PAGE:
Releases of airborne chemicals can rapidly affect wide areas, leading to exposures that may adversely affect public health. A strategy of sheltering indoors has often successfully protected public health, but in some cases it has been ineffective. This paper explores the role of ventilation as one of a number of factors that affect shelter effectiveness. Ventilation directly influences indoor exposure during chemical emergencies, and theoretical incident and ventilation scenarios are used to show how air exchange rates and chemical dose-response characteristics determine indoor dose and effects on health. For chemicals for which the likelihood of adverse health effects is driven by exposure concentration (peak exposure), sheltering in place for short periods can be an effective protective measure, because the dilution of outdoor air mixing with indoor air reduces the maximum concentration indoors. It is important to minimise ventilation before an outdoor hazard arrives. Delays in maximising ventilation after it has passed are less likely to cause extra harm, since most protection has already resulted from the lower peak exposure concentration indoors during the hazard’s passage outdoors. For chemicals for which the likelihood of adverse health effects is driven by both time and concentration (cumulative exposure), which include those that exhibit a linear dose-response relationship, it is particularly important for people to both promptly minimise ventilation before an outdoor hazard arrives and maximise ventilation after it has passed, in order to minimise their cumulative exposure. Most UK residential properties are naturally ventilated, but there is an increasing trend towards the use of mechanical ventilation in new-build properties that are more airtight than their predecessors. The installation, maintenance and use of such systems pose a number of considerations. The potential for ventilation filters to offer additional protection is worthy of further attention.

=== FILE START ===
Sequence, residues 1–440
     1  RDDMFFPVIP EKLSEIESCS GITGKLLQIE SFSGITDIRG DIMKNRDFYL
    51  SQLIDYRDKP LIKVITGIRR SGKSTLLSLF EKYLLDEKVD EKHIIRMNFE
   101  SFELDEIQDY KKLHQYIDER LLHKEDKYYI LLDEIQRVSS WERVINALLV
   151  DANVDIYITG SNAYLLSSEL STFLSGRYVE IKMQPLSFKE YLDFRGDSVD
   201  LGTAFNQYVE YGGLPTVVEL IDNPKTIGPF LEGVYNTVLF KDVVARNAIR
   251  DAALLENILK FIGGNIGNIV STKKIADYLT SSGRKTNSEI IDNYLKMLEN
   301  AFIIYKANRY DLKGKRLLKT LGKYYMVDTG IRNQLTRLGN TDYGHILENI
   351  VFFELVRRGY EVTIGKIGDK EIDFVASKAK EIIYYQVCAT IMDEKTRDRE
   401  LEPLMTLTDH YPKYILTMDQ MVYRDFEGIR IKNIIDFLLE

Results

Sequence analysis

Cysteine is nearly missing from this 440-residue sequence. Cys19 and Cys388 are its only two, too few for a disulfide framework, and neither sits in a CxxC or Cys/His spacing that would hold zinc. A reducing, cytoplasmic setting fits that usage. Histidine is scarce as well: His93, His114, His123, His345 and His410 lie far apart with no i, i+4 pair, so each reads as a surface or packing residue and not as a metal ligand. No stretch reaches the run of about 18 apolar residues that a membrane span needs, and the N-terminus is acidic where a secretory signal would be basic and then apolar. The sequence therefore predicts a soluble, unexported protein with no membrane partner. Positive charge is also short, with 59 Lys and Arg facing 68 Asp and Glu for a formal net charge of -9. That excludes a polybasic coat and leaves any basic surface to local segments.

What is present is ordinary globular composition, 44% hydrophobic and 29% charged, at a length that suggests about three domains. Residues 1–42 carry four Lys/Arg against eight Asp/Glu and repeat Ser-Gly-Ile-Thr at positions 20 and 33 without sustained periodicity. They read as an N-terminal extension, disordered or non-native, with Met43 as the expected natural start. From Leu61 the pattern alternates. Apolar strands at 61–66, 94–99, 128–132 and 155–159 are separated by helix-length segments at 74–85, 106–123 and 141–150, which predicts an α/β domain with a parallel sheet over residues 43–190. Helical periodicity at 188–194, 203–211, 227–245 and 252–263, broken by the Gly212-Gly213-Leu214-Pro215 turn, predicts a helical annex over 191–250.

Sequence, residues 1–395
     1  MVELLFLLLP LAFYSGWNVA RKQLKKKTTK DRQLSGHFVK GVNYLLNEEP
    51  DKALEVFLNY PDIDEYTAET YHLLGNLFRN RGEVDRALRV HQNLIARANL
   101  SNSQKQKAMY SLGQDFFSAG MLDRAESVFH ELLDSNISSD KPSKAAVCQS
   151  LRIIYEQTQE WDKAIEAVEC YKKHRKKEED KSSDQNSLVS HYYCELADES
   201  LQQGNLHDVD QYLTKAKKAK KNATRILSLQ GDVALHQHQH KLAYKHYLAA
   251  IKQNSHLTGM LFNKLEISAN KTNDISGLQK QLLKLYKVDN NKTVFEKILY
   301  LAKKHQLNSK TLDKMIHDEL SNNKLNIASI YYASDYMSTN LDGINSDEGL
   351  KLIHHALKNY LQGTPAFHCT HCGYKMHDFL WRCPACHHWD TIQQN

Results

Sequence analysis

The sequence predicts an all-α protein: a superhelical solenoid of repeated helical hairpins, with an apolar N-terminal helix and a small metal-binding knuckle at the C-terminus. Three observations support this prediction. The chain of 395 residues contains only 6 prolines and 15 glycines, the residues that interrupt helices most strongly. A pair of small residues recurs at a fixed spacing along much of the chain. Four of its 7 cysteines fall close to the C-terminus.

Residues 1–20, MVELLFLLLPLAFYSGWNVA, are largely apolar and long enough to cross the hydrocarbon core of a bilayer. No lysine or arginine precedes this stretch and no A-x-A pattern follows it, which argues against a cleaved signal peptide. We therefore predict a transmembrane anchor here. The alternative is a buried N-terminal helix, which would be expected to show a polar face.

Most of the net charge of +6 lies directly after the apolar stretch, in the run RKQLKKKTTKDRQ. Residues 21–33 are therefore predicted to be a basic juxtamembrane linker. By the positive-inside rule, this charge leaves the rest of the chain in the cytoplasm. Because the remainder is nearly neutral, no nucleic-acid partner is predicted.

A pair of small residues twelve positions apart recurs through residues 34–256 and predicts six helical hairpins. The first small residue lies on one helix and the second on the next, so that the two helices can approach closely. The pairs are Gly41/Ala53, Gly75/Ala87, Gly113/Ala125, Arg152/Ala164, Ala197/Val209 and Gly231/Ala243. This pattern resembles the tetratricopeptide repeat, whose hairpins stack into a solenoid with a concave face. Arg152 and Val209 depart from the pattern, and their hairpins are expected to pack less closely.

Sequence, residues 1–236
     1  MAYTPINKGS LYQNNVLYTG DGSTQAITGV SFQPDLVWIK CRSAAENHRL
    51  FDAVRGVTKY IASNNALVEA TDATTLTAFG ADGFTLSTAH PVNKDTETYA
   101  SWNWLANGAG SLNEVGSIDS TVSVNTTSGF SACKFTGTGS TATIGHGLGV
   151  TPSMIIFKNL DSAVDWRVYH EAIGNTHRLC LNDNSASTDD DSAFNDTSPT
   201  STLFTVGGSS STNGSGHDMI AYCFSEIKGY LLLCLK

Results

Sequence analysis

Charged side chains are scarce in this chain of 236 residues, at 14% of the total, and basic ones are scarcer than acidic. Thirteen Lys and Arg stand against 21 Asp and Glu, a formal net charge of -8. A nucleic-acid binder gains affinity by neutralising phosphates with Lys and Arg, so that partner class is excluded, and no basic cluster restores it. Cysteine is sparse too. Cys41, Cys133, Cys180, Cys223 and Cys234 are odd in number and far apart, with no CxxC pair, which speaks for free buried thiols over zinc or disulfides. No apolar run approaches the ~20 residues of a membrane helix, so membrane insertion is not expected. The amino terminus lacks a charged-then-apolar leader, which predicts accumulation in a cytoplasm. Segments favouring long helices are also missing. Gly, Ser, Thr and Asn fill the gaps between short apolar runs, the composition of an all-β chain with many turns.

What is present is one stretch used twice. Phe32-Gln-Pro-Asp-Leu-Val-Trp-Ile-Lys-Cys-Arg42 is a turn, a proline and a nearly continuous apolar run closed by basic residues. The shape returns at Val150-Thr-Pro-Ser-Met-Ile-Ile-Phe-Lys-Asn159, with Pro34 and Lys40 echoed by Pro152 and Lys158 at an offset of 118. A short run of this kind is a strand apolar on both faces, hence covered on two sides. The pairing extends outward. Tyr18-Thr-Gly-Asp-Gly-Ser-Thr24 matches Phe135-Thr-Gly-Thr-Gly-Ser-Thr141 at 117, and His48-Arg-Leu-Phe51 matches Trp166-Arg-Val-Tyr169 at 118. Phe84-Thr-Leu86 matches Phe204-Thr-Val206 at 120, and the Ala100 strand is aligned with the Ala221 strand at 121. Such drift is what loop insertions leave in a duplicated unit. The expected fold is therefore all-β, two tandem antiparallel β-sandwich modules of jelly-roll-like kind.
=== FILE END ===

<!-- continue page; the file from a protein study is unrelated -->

Building Ventilation Strategies to Protect Public Health during Chemical Emergencies
The International Journal of Ventilation, Vol. 13 N°1, June 2014